How To Use Price Segmentation To Maximize Retail Profits

No two customers have the exact same Willingness to Pay (WTP) -- and your objective should be to capture as much of each of your customer’s WTP as possible, while still winning the business.  So do you charge different prices to different customers???  I hope so!!!  (This is price segmentation).   Imagine two customers, Mr. Rich and Mr. Middle Class: Mr. Rich is easily willing to pay $100 for your product. Mr. Middle Class is willing to pay only $75. What should you do? If you only get to set one price you either set it at $100 and only sell to Mr. Rich or you set your price to $75 and sell to both. You can easily do the math to figure out which price makes you the most profit. It turns out if your cost is over $50 you should set your price to $100. If it’s under $50 you should go for $75, but that’s not the point of the article.

What if you could set two prices? Charge $100 to Mr. Rich and $75 to Mr. Middle Class. Then, it doesn’t matter what your costs are, for (as long as they are less than $75) you will make more profit. This is always the case. Price segmentation is more profitable than setting a single price.

Once you start looking for price segmentation you will see it everywhere: Different prices for passengers in the same airplane. Student discounts at movie theaters. Senior coffees at fast food places. Early bird restaurant prices, especially in Florida. Coupons allow some people to pay less. Frequent buyer discounts. Sale events. These are all examples of price segmentation.

Two big issues are probably jumping into your mind – Is it fair? And how do you do it? I'll save the "how to do it" for a later blog, but is price segmentation fair?

In a word, yes! Think about each of the examples cited above. They are standard accepted practices for charging different prices to different customers. Rarely does anybody complain about it not being fair.

Before explaining what is fair, let’s give some examples of what people find unfair:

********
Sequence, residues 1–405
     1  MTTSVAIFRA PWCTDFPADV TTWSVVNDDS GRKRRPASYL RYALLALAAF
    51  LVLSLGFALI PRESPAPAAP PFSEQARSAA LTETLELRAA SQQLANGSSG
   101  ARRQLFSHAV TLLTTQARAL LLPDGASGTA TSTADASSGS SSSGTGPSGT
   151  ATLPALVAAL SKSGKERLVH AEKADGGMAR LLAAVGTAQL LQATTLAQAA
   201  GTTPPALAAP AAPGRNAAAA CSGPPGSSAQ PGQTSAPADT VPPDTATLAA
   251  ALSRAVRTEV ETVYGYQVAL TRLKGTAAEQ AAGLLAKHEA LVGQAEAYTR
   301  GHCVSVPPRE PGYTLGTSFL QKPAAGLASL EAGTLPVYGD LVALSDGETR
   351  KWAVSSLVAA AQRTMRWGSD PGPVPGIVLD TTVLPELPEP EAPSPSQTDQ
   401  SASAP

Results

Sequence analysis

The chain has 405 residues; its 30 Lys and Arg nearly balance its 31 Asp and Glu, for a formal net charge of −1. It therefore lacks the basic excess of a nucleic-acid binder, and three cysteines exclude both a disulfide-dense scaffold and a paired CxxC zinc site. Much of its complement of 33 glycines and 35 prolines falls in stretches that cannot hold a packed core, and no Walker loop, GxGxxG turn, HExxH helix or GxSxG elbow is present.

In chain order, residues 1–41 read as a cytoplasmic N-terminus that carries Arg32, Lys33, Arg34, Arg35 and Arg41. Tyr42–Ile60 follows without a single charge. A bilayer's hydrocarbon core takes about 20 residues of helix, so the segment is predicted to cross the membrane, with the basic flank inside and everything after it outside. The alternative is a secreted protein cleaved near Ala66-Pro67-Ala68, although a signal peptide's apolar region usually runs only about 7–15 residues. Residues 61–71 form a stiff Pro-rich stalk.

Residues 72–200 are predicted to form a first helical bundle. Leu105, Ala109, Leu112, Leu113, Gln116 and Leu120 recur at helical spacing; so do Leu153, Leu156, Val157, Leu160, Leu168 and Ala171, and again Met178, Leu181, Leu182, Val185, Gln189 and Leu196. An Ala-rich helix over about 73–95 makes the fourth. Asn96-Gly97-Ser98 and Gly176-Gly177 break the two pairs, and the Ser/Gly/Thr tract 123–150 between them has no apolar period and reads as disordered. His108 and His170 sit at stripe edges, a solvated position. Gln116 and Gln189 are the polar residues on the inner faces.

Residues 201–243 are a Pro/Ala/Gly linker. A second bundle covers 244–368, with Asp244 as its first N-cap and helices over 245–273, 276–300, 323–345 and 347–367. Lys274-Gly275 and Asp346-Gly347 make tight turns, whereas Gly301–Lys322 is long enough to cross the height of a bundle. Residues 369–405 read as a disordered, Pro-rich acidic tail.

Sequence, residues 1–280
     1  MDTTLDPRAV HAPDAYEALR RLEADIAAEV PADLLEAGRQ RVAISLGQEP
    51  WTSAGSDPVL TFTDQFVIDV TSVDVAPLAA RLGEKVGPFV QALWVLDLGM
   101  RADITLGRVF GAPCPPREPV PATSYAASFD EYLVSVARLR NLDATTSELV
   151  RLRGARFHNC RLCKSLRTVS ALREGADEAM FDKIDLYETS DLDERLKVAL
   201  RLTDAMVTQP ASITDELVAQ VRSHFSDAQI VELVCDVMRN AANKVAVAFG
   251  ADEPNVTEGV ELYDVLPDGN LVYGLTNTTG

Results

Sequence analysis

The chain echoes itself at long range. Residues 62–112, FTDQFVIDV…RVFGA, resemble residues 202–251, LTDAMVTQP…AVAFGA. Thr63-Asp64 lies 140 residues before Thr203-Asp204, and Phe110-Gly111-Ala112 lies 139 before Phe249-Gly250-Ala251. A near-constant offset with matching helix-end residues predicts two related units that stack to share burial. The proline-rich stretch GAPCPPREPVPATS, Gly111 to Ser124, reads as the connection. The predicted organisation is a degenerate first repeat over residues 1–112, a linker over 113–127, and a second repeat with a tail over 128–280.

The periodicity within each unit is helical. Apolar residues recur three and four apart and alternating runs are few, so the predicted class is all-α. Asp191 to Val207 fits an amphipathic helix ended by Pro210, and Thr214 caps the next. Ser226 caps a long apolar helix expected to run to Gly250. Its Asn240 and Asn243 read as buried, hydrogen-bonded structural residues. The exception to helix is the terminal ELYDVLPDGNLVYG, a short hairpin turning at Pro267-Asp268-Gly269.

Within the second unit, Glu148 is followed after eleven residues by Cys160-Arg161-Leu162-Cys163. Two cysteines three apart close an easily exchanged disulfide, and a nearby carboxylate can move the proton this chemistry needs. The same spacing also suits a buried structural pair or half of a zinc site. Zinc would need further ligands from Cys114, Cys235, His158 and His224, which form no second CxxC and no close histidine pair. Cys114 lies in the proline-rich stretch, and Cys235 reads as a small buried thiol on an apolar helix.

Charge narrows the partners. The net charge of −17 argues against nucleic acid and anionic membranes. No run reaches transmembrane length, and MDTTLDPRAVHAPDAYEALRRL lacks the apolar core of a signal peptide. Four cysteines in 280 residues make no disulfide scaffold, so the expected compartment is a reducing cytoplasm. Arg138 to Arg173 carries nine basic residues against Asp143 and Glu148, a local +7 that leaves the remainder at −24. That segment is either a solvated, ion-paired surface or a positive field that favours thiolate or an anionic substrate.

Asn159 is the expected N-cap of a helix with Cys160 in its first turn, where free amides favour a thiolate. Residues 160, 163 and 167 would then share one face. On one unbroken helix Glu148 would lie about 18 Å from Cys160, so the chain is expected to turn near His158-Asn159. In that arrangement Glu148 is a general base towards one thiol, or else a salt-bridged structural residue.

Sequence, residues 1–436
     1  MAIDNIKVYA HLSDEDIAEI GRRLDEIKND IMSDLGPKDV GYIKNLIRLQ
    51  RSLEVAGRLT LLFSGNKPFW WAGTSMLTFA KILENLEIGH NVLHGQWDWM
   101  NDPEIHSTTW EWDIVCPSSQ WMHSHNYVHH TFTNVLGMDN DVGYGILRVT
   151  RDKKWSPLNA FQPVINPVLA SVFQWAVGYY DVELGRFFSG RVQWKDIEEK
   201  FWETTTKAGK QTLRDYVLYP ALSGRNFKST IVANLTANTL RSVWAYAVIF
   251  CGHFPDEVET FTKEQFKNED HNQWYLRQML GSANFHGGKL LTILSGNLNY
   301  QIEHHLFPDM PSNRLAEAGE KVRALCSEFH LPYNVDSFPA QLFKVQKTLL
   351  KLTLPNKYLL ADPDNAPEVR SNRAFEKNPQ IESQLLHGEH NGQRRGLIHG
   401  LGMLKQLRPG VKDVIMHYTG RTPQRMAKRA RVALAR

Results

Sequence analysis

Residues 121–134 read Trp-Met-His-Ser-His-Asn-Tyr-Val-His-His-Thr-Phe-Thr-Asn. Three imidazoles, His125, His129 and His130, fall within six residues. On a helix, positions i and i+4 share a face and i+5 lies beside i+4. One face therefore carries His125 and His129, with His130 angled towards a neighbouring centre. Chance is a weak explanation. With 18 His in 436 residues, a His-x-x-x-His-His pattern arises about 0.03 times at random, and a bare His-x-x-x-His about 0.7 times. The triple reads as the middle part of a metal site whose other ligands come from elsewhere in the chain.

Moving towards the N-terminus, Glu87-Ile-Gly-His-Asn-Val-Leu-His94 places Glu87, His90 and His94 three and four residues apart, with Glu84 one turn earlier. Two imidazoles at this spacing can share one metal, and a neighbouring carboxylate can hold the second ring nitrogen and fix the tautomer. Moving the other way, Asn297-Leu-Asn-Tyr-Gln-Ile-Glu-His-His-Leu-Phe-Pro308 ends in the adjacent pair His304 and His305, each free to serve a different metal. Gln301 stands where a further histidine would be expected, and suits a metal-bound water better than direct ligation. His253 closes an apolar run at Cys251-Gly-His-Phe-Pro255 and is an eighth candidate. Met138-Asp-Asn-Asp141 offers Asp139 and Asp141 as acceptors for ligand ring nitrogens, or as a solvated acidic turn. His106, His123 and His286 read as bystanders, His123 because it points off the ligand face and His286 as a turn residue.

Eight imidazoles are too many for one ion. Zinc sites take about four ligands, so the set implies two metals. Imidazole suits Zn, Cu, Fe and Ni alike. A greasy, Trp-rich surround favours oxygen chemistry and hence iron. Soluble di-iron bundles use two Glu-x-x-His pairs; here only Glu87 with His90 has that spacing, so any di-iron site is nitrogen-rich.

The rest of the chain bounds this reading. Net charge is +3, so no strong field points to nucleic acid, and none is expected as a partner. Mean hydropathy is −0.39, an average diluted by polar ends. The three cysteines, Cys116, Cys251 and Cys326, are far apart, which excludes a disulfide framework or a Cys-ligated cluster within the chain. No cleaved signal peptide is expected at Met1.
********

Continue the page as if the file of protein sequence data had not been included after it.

When retailers hike the price of bottled waters during a natural disaster, that seems unfair. When airlines started charging for checked luggage, an uproar ensued. When Apple dropped the price of the initial iPhone by $200 just two months after release, that was considered unfair to the earliest adopters. Finally, when Coke announced that they were going to increase the prices of a Coke from a vending machine on hot days, that was unfair.

What do all of these have in common? They are changes to the status quo. When companies change their pricing policies such that the outcome is unfavorable to the consumer, then people consider it unfair.

So how do you add price segmentation without upsetting your customers?

Follow this rule: Set list price as your highest price to target customers with the highest WTP. Then offer select discounts to customers with lower WTP.  How do you do that? I’ll show you four proven techniques -- in future blogs.

Let me have your thoughts on price segmentation. Thanks. Mark

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Mark Stiving, Guest Contributor

About Author

Mark Stiving is a San Jose, Calif.-based pricing expert with 15 years' experience speaking, writing, coaching and consulting to help firms increase profits through value-based pricing. He is the author of Impact Pricing: Your Blueprint for Driving Profits; he blogs at PragmaticPricing.com and shares pithy thoughts on Twitter using @MarkStiving.
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